Monday, January 22, 2018



Acorns on the ground.

Just yesterday, leaves were green.

    And that is the Way.

We talk about the Zen concept of living in the moment, about being aware of right now. Is that notion a limitation, a restriction? Does living now mean being stuck in the present, and nothing will ever be different?

        Not at all. Change is unavoidable.

The weather changes. Technology changes. Politics change. In a world of constant change, there is little we can be sure of.

        In a publishing company I once worked, the treasurer had a favorite saying. “There are three things in life that are certain: death, taxes, and an IOU in petty cash from Jack.”

        Our lives change, and will eventually go away. But why fear the close of life?  Death is part of the cycle.

        Why fear gray hair? Or no hair at all? Why fear wrinkles?

We may disagree with something new and unforeseen, but more often than not we can do nothing other than become frustrated.

        Lao Tzu said, “If you realize that all things change, there is nothing you will try to hold on to. If you are not afraid of dying, there is nothing you cannot achieve.”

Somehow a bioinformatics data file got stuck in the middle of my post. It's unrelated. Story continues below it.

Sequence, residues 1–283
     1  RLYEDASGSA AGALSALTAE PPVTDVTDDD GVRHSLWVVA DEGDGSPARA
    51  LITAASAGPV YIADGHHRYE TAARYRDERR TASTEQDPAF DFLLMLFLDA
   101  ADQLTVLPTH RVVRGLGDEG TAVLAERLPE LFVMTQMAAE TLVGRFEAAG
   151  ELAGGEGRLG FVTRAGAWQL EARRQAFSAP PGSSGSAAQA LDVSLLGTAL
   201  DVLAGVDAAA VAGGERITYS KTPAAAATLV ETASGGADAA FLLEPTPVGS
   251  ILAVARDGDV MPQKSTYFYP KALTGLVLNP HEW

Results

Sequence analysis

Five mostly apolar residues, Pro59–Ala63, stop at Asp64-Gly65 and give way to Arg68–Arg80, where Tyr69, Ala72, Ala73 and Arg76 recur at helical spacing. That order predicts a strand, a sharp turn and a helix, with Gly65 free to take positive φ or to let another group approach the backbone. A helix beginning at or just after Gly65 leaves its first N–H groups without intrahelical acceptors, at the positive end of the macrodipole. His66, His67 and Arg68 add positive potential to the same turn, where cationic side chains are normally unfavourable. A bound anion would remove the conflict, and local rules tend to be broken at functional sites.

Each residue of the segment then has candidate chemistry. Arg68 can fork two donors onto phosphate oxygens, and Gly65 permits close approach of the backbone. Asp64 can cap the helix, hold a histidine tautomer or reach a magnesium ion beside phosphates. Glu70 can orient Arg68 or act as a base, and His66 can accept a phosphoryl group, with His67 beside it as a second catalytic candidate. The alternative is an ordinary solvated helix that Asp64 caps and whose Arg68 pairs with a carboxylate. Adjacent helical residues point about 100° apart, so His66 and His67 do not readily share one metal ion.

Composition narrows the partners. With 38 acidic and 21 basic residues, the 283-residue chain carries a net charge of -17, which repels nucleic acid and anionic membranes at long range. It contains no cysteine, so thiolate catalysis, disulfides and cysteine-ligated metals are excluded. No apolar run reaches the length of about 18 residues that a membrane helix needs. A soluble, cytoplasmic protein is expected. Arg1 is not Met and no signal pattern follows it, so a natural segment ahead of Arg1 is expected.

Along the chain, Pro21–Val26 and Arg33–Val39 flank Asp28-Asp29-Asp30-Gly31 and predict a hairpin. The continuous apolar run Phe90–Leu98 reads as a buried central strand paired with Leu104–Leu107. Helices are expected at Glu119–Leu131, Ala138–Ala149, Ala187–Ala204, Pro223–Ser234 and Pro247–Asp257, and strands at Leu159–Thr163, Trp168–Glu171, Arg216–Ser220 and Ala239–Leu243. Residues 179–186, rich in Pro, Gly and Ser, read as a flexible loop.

We know things change, yet too often we do not want to let go of what is. Sometimes we actively try to prevent change. Sometimes such an effort can be praiseworthy, but it is usually futile.

Especially when it comes to politics.

That doesn’t mean we stagnate and do nothing, but it does mean we must realize what we are doing, and how it may end.

Ignoring change will not cause it to cease.

Change has always been happening. It is inevitable.

As you learn, your thoughts change. As your thoughts change, your beliefs and behaviors change.

We try to stave off something unpleasant. Everyone fights against ageing, but whether we like it or not, the cells of our bodies are different from day to day.

You may be able to delay the inevitable, but you cannot make it go away. You cannot deny the natural laws of the universe, or deceive nature.

You can, however, modify your behavior and your thinking.

Change is the truth of reality. When we cannot or will not accept this truth, we become frustrated.

However, everybody witnesses change. In Japanese there is a term for such a recognition. It is called mono no awar, which translates as the reality of impermanent things.

        Recognizing and accepting the fact of change is a step toward awakening.